Friday, January 6, 2012

Gov't told: Boost efforts to protect gay rights

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Gov't told: Boost efforts to protect gay rights

Posted at 01/03/2012 2:46 PM | Updated as of 01/03/2012 5:28 PM

MANILA, Philippines - Members of the gay, lesbian, bisexual and transgender (LGBT) community are seeing signs of hope that their rights will be protected in the country after the United States warned that it will withhold aid from nations which do not recognize gay rights.

LGBT groups on Monday called on the Aquino administration to follow in the footsteps of the US and "take a serious policy position to address the violation of their rights."

"LGBTs in the Philippines are still on the receiving end of stigma, hatred, violence, exclusion, homophobia, transphobia and discrimination. The statement from Secretary Clinton hits close to home as she was speaking of conditions present in our country," Marlon Lacsamana, founder of the Philippine LGBT Hate Crime Watch (PLHCW), said in a statement.

"We hope this will be considered by President Aquino's administration to encourage the full implementation of human rights protection of LGBTs in law, policies and programs," he added.

US Secretary of State Hillary Clinton, in a speech at the United Nations in Geneva, committed $3 million to start a global equity fund to support civil society organizations working for LGBT rights worldwide.

"Gay people are born into -- and belong to -- every society in the world. They are all ages, all races, all faiths. They are doctors and teachers, farmers and bankers, soldiers and athletes," Clinton said.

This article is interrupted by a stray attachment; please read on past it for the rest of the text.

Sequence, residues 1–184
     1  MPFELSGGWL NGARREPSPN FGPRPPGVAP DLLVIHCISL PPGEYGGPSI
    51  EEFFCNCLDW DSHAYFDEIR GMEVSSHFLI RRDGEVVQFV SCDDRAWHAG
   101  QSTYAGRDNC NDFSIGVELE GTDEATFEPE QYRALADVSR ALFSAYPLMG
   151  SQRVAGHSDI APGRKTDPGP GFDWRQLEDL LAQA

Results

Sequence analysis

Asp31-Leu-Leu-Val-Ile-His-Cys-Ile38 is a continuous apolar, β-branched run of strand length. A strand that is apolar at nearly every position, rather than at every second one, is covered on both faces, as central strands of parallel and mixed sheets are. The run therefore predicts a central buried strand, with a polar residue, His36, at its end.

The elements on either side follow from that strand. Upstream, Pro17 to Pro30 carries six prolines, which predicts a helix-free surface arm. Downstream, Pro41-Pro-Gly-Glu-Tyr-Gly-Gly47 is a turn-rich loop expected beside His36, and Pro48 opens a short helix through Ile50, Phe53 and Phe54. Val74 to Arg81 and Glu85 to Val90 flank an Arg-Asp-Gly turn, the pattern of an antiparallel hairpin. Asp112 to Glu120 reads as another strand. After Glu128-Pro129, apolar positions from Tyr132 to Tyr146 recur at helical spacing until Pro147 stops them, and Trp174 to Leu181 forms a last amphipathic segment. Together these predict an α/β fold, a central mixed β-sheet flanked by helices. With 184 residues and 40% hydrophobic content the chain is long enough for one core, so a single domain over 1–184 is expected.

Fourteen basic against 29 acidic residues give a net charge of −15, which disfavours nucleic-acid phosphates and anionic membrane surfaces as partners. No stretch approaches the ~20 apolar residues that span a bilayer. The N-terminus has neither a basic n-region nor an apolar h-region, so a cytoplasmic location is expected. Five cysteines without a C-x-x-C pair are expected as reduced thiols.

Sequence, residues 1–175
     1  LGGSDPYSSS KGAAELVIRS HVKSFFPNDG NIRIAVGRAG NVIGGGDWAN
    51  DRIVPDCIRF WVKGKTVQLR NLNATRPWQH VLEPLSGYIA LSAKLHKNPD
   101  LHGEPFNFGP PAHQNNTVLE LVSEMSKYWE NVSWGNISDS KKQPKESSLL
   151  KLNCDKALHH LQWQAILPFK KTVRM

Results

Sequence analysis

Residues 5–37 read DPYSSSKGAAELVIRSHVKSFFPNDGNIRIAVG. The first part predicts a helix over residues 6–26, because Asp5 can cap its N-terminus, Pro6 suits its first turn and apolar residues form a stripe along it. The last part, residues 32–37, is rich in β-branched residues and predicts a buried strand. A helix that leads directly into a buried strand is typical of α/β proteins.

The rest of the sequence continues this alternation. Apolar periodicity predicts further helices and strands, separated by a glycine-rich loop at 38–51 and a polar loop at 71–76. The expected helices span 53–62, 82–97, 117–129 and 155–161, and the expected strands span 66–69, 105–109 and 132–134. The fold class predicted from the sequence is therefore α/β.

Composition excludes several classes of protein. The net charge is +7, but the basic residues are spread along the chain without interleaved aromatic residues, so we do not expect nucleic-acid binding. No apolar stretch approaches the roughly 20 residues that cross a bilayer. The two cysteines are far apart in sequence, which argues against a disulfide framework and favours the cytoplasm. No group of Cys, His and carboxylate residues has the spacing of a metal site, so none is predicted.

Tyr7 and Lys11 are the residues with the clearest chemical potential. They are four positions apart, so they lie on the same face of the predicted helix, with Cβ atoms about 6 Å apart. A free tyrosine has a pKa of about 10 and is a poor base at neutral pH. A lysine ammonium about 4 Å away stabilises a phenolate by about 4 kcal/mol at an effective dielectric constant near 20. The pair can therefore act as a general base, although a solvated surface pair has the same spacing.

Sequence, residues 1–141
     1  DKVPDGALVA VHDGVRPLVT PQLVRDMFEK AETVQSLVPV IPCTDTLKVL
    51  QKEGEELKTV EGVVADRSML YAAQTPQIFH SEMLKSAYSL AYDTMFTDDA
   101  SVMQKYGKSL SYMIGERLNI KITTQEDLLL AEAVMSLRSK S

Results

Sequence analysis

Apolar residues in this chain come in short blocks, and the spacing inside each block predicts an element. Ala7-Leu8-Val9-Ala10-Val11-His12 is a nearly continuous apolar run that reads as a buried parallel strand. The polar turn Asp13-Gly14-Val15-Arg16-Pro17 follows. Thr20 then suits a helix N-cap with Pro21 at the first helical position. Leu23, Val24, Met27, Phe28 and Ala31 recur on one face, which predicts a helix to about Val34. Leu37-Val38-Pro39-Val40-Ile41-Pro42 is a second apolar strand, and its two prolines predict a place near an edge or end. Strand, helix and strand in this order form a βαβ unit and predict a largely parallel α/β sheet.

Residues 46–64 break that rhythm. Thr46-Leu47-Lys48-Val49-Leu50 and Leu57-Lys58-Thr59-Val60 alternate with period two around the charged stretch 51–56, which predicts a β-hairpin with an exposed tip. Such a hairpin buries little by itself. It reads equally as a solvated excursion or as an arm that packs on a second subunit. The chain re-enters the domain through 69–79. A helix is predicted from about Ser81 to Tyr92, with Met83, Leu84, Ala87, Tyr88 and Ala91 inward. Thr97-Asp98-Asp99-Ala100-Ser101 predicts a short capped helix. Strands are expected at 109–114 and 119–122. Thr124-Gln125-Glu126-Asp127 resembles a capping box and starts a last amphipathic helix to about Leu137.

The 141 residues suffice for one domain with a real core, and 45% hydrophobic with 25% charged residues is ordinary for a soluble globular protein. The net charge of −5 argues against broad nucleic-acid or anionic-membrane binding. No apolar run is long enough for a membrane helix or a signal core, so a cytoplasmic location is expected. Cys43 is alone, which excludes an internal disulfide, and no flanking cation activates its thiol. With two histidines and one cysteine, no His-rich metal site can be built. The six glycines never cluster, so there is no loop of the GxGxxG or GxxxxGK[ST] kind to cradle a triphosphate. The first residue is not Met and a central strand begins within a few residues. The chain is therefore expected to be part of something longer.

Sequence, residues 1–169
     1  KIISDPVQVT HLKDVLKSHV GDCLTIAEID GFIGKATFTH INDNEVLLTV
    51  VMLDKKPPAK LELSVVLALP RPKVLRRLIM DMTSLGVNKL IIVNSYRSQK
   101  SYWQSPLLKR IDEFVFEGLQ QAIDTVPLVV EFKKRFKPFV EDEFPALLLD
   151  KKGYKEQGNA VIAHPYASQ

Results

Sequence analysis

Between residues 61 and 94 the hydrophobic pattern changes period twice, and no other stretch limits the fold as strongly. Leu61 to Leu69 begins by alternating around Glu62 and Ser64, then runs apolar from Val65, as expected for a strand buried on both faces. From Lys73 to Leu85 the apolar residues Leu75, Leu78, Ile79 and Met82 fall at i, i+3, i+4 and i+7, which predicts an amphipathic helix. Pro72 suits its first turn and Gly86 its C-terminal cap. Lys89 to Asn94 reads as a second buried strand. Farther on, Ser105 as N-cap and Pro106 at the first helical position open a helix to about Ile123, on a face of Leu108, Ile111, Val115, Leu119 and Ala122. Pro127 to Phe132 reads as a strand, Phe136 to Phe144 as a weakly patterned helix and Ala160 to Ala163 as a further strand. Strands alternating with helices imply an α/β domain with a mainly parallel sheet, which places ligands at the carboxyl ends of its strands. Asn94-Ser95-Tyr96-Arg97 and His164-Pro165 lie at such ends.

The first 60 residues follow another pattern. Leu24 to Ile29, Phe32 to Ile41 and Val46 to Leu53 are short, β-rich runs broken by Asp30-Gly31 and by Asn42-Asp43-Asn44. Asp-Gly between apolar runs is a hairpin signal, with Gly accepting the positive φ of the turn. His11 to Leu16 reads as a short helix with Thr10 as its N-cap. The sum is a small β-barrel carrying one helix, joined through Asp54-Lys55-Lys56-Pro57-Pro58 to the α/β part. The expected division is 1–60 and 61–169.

Angie Umbac, president of the legal rights group Rainbow Rights Project, said they "await a similar enthusiasm on the part of the Philippine government in heeding this call."

The Progressive Organization of Gays in the Philippines (ProGay), meanwhile, said it submitted reports to the Human Rights Council to pressure the Aquino government to pass the anti-discrimination bill and introduce other measures in Congress that criminalize hate-related murders of LGBTs.

Progay human rights officer Oscar Atadero said Malacañang has to "start institutionalizing policies that would outlaw workplace discrimination and the bullying of LGBT students."

According to PLHCW, 147 LGBTs have been murdered since 1996, with about 37 of them recorded in 2011 alone.


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